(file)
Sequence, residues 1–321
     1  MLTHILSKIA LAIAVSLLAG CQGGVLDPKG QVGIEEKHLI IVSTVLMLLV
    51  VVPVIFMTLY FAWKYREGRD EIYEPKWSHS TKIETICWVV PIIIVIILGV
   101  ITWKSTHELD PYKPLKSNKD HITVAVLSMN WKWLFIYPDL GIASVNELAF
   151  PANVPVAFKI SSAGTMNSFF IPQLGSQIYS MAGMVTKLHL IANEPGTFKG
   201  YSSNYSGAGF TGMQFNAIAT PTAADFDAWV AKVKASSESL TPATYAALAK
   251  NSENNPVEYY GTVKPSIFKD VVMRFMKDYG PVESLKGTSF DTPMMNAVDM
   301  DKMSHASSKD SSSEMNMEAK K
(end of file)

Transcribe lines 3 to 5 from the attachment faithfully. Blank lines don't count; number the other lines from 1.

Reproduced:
    51  VVPVIFMTLY FAWKYREGRD EIYEPKWSHS TKIETICWVV PIIIVIILGV
   101  ITWKSTHELD PYKPLKSNKD HITVAVLSMN WKWLFIYPDL GIASVNELAF
   151  PANVPVAFKI SSAGTMNSFF IPQLGSQIYS MAGMVTKLHL IANEPGTFKG